Miners were leading the charge for the second session in a row as the FTSE 100 continued to stabilise after last week’s heavy rout.
Anglo American headed the pack. Its South African subsidiary Kumba Iron Ore notched up a strong financial performance last year, with revenue and profit both increasing, thanks largely to iron ore export prices increasing to $71 per tonne.
The news came as welcome relief for Anglo investors who are increasingly fearful about the political climate in South Africa. The nation’s ruling ANC party has formally asked president Jacob Zuma to resign so that new leader Cyril Ramaphosa can take over.
Yuen Low at Shore Capital explains: “We suspect that Zuma will continue to resist tooth-and-nail any pressure on him to step down. We see the prospect of a Ramaphosa presidency as a positive. Hopefully he will make significant in-roads in overturning controversial amendments to South Africa’s Mining Charter.”
Investors put aside political concerns this session and shares rose 23.2p to 1665.6p. Rival BHP Billiton was also climbing up the table despite a $1.8 billion (£1.3 billion) hit this year from the tax reform package in the US.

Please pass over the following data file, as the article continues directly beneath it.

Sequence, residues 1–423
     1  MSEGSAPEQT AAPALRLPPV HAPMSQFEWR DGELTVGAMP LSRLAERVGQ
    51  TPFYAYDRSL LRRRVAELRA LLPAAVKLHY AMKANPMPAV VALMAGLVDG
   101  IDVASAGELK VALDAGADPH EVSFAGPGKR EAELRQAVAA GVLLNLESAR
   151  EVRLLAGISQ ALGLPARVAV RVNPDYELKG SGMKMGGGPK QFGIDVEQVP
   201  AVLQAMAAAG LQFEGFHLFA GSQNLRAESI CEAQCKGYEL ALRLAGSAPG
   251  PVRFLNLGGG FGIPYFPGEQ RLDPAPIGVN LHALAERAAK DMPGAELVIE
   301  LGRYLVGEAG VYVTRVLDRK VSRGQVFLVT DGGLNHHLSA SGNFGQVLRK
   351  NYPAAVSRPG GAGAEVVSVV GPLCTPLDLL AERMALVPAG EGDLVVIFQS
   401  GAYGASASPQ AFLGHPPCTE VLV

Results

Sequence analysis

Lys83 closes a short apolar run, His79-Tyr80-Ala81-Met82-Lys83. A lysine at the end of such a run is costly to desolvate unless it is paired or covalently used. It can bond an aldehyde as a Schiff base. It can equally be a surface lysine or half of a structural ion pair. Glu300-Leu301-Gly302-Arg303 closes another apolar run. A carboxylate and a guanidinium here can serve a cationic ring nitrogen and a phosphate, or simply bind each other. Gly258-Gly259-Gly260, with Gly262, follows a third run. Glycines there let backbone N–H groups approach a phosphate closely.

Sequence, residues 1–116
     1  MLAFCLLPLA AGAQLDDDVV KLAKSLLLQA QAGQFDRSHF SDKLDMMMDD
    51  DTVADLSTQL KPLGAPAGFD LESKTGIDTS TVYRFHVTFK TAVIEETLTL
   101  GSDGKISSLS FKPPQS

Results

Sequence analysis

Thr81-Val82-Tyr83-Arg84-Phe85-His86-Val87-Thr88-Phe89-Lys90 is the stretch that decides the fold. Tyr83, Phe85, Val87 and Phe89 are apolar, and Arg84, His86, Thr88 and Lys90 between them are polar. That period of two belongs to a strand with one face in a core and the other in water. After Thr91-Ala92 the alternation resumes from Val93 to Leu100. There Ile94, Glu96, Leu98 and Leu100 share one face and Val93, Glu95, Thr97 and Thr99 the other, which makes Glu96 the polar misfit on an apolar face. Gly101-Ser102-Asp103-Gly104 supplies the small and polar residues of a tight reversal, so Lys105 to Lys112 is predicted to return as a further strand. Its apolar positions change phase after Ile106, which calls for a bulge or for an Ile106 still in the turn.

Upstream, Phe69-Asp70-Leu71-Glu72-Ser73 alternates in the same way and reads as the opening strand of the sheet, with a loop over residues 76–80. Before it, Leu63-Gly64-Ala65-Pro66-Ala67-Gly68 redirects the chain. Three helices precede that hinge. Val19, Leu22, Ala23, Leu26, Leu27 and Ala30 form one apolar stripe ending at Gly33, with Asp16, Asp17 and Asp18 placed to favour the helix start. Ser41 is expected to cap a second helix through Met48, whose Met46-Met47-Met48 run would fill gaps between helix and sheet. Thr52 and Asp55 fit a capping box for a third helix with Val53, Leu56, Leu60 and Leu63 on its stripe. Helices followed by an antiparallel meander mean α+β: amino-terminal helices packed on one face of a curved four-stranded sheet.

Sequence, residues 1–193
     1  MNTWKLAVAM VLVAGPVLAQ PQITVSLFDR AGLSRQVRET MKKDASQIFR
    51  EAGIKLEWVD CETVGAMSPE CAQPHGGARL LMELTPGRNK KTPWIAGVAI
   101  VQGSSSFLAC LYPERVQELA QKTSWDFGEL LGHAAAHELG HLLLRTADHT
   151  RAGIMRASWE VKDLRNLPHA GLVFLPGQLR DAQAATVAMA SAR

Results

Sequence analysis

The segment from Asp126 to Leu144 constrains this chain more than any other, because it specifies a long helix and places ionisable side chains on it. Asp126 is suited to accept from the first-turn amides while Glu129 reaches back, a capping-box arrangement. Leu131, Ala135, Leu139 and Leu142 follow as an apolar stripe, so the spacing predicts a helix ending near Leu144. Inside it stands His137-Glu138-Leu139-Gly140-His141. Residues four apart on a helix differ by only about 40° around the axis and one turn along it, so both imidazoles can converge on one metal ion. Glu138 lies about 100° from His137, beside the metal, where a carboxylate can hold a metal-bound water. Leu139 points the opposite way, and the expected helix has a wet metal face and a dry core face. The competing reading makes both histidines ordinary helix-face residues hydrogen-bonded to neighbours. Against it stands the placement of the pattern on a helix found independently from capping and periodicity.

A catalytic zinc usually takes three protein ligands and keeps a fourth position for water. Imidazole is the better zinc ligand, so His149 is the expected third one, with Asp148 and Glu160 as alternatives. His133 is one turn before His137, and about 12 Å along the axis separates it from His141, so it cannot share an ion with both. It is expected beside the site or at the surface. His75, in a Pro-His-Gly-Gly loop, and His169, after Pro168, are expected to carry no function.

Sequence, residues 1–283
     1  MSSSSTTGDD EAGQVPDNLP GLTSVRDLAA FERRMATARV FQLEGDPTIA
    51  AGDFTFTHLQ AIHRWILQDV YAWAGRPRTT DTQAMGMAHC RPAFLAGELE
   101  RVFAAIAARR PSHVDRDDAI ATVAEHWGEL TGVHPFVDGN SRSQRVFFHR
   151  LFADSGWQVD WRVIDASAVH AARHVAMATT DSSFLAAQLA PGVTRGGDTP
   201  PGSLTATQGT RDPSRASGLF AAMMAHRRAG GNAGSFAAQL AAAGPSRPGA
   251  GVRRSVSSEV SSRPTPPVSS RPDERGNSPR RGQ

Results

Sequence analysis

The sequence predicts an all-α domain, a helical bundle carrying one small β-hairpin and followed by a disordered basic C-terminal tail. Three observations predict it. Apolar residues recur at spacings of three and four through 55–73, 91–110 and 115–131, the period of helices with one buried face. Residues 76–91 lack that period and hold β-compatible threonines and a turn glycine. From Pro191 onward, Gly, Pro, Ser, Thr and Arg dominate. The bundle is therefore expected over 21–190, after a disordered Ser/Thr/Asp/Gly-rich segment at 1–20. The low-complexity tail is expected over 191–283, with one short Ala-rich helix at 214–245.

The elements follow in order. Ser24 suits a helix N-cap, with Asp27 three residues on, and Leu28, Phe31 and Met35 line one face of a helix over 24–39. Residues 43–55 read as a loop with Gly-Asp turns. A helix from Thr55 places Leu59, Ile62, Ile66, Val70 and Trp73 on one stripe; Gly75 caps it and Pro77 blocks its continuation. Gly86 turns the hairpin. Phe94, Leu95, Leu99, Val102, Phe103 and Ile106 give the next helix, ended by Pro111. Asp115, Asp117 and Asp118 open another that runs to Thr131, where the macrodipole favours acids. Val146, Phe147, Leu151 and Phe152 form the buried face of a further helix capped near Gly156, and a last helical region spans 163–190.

The Anglo-Australian miner said it will be dented by $898 million of deferred taxes and a further $834 million non-cash impairment of foreign tax credits.
But in the long run, lower corporate tax in the US will benefit profits, it added. The corporate tax rate has been cut to 21% from 35% under President Donald Trump’s tax overhaul, which was approved by the House of Representatives in December.
BHP Billiton shares were up 6.2p at 1511.2p but overall the FTSE 100 gained just 2.7 points to 7179.83.
On AIM, Ebiquity announced plans to sell its advertising intelligence business to Nielsen for £26 million.
The deal gives Ebiquity the firepower to invest in proprietary technology and data analytics capabilities across the remainder of its business.
Along with the disposal, Ebiquity said revenue performance in the US was below expectations and shares fell 0.5p to 100p.
But one firm making gains on AIM was software company Intercede.
The firm said it had been awarded a contract by a Middle Eastern country worth more than £1 million.
Using Intercede technology, citizens with an existing national identity card will be able to generate a new government digital identity on their smartphone via a government app.
The identity can then be used for gaining access to government services such as healthcare, banking and e-commerce. Shares were up 2p at 29p.